High Touch-High Tech (500);
Buster Enterprises Inc. (NR);
Airsopure (NR);
Professional House Doctors Inc. (NR);
Better Back Store Franchises (NR); and,
Little Scientist Franchise Corp.

These services cover teaching science outside of schools, providing education to prevent back pain and providing back pain relief equipment, and dealing with growing indoor air quality concerns. The Mad Science Group was ranked one of the top 30 new franchises in 1997. Given that 97 percent of adult Americans are scientifically illiterate and don’t want their kids to be this way, I think The Mad Science Group franchise would be ideal for some industrial hygienists, college professors, or other EHS pros working in training areas.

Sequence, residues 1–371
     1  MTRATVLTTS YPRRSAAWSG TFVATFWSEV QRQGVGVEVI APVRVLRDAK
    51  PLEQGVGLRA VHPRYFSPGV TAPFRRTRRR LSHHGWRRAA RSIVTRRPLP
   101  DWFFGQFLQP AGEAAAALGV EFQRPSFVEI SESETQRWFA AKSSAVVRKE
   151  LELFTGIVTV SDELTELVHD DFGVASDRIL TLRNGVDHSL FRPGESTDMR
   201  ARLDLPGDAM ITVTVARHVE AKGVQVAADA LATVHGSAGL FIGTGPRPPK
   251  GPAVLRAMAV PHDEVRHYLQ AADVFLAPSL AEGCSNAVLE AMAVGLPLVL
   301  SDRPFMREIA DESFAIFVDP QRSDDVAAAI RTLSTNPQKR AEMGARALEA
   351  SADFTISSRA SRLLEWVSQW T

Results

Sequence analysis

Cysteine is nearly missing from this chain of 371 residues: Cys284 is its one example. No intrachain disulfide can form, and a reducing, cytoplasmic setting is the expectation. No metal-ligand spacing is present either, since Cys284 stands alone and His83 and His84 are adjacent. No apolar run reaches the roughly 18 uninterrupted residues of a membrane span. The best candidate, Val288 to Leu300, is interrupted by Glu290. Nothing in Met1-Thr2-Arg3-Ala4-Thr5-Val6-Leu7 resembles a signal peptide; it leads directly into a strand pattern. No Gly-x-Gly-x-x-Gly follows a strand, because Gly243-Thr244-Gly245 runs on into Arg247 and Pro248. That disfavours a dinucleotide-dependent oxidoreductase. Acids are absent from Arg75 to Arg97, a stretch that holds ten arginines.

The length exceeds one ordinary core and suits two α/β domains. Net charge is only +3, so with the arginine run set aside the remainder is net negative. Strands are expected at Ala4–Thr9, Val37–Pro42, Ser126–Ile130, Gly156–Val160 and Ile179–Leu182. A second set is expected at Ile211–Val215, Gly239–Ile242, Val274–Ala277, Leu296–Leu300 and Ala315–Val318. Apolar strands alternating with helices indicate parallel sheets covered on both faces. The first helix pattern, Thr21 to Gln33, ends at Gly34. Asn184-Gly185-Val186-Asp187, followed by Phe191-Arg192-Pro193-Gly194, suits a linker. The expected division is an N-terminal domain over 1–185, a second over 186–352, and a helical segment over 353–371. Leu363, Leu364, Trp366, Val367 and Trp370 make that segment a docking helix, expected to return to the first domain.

Safety and fire protection franchises

Safety pros and people interested in fire protection or security have lots of franchises to choose from:

  • If you are interested in the behavioral aspects of safety, the Professional Dynametric Programs (394) franchise may be for you.

  • Want to get into a business to sell safety-related products? Look at CPR (NR) or Fire Defense Centers (NR).

  • Security businesses include Sonitrol (358) and Safe-T-Child Inc. (NR).

  • Safety pros inspect buildings quite often. Why not do it as your own business? Home, buildings, and property inspection businesses get top ranks and include Housemaster (104); The HomeTeam Inspection Service (107); AmeriSpec Home Inspection Service (NR); and National Property Inspections (NR).